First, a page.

Coppell backs Doyle to spring a few surprises

Young Irish striker can be new boys' trump card
Click to follow

On the day that David Beckham was left out of Steve McClaren's first England squad, another famous former Man-chester United and England winger was ducking all invitations to supply an easy quote. "I've got enough to think about," said Steve Coppell, preparing promoted Reading for their first season among the élite. "Anyway, footballers? We are all just ships that pass in the night."

His tone changed when he was asked about Kevin Doyle, the 22-year-old Irish striker who contributed so much to Reading's domination of the Coca-Cola Championship. "I think he did more for us last season than we could have hoped and more than he dreamed of," said Coppell. "He's got what it takes to become a really top player. It's not just about his goals. It's his all-round game." The enthusiasm was genuine.

Coppell spoke at Reading's pre-season media open day at the Madejski Stadium. The pitch shimmered, paintwork shone and the players were all smiles and warm anticipation. Their season starts on Saturday with a home fixture against Middlesbrough. Four days later they visit Aston Villa before an end-of-month trip to Wigan. Reading will learn a lot about their potential by the end of August.

Coppell did not look worried. Nor did Doyle, understandably. The scorer of 18 goals in his first 45 appearances, not to mention as many assists, is relishing the opportunity not only to play in the Premiership, but also to continue his development. He is, he adds, looking forward to a trip to Old Trafford, home of his once-favourite club Manchester United, on 30 December.

"I used to be mad on Manchester United," he admitted. "But when I got to 16 or 17, for some reason, it just went." One of the results of his passion for United, however, was that he grew up admiring two players in particular: Eric Cantona and Andy Cole.

"They were two totally different players, but I liked them both," he said, in explanation of the versatile nature of his interpretation of the striker's arts. "I like the ball over the top, of course, because that is the simplest and you just run straight in on goal, but I also like to turn with the ball and to run at defenders. I think it's best to vary it a bit, otherwise the defenders get to know what you are doing."

Clever running, quick thinking and a high level of technical proficiency have helped Doyle in his rise from virtual unknown to full international. His selection by Steve Staunton for the Republic of Ireland's friendly against Holland is expected to see him win his third cap little more than a year after moving from Cork City, where he scored 23 goals in 21 appearances, following Coppell's persistence to sign him.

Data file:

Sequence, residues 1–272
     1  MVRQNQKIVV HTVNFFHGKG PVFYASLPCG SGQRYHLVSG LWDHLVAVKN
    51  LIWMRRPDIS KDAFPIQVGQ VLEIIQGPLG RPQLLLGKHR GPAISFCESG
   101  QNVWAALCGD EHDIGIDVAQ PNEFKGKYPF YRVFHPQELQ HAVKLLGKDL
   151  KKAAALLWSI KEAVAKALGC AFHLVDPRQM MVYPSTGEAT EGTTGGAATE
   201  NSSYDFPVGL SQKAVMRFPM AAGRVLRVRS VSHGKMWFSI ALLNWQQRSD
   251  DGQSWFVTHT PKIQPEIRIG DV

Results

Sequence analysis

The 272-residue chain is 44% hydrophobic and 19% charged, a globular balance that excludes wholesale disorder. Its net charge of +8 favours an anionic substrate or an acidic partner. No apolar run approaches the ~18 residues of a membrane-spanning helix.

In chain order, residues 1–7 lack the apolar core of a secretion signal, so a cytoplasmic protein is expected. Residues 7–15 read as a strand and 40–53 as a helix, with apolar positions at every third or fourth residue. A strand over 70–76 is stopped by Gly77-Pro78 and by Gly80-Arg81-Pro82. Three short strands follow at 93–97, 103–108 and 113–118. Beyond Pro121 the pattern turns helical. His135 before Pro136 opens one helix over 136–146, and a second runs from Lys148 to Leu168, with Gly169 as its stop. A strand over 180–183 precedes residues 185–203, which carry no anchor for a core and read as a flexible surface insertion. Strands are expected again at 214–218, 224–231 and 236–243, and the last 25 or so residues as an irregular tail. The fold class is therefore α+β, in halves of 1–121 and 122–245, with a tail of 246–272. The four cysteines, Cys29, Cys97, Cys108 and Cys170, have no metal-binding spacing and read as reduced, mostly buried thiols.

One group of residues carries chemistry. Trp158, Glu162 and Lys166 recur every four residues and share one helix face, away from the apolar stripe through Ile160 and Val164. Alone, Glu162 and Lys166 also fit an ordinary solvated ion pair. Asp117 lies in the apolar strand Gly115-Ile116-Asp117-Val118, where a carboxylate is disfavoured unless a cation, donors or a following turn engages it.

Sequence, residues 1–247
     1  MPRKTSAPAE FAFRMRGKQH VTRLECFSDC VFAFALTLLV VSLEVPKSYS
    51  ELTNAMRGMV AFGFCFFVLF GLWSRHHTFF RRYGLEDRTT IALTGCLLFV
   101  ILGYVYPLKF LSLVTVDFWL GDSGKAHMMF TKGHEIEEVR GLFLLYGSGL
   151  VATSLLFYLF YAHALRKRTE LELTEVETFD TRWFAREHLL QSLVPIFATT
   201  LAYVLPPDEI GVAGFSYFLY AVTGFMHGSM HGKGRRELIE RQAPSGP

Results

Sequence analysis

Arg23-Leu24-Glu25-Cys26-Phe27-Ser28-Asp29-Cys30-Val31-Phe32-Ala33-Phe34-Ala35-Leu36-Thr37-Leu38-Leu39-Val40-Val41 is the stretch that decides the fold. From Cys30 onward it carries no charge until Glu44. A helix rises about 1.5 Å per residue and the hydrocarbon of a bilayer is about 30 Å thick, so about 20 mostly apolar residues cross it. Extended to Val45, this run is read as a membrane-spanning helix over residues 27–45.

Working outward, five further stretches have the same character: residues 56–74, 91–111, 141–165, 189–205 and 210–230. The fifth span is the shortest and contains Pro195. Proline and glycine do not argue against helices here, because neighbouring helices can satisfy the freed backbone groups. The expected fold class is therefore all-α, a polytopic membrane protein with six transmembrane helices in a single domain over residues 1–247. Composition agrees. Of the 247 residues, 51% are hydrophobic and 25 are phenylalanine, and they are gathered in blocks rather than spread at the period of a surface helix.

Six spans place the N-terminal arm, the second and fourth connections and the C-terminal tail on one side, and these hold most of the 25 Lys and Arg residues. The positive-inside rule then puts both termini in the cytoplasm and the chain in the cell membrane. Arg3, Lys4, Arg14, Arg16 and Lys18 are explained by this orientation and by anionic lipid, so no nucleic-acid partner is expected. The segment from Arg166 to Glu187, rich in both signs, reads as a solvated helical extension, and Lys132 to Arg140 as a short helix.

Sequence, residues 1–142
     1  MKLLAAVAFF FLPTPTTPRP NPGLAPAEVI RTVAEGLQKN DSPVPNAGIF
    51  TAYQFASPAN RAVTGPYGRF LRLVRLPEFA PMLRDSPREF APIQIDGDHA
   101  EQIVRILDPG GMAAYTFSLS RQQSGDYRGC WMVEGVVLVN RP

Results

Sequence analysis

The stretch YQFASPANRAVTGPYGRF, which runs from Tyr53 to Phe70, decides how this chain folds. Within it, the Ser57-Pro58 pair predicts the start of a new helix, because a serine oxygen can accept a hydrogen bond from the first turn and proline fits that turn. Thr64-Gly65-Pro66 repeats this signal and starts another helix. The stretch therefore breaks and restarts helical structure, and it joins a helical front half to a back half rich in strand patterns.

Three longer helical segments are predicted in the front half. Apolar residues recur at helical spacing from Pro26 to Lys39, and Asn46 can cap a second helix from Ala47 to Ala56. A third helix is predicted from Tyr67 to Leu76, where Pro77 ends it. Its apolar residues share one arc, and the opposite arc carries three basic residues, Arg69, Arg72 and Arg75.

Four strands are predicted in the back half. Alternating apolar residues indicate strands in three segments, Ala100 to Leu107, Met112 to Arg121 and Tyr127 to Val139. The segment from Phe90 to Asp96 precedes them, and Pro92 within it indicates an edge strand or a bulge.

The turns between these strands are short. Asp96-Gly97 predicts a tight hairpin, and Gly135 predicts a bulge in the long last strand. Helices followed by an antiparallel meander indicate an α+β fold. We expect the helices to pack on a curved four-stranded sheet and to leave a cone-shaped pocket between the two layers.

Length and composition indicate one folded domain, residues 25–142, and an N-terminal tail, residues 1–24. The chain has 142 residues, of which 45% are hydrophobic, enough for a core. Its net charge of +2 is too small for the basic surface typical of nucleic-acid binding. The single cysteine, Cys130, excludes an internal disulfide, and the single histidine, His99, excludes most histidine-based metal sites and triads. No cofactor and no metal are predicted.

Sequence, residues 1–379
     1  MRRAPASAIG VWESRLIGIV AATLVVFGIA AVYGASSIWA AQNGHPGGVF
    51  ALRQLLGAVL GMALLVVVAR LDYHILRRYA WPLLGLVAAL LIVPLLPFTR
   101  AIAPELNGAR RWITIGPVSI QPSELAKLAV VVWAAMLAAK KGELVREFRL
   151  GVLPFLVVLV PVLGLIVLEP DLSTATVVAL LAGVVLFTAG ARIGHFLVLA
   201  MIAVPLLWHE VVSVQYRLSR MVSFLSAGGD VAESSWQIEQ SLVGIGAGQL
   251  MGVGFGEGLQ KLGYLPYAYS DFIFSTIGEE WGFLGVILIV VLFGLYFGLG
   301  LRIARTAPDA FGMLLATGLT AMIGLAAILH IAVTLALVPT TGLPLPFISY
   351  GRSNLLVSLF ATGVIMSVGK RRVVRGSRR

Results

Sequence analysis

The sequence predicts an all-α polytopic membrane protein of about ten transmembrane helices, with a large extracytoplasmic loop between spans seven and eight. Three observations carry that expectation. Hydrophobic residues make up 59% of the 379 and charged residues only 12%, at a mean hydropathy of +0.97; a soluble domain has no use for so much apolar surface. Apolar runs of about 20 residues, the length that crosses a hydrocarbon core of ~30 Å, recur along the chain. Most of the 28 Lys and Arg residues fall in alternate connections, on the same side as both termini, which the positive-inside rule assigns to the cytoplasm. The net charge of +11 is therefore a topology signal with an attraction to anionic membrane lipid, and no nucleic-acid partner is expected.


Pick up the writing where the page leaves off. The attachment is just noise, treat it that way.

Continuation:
"The thing was that he came over himself to watch," said Doyle, who is from Wexford. "A lot of clubs just had scouts watching me, but he took time out himself. When I knew they were interested, I asked around the other lads who had been to England, and they all said Reading was a great club to go to. I was lucky. I got here and it was one of those years for everyone."

He said Coppell had asked him to carry on doing his natural thing. " 'Do what you do, get on the ball and take players on', he told me," said Doyle. "He gives a few words of advice and some pointers before games, too. But nothing too complicated. I don't think he wants to change me."

That could be bad news for defenders. Having missed a year as a teenager because of the knee complaint Osgood-Schlatter Disease, Doyle has been making up for lost time. He played for Adamstown, Wexford, and then St Patrick's Athletic, in Dublin, where the manager was Pat Dolan, whose brother Eamonn runs the Reading academy. When Dolan went to Cork, Doyle followed, and was converted from a right-winger to a striker. Goals and plaudits followed. Now he is relishing another step up.

"If we can get some results early - and it is good to be at home in our first game - then we can build some belief that we are good enough," he said. "And then I think we can spiral up from there. I think the whole of the Reading team is a bit of an unknown quantity to most people, so that is a bit of an advantage. At least, I hope it is."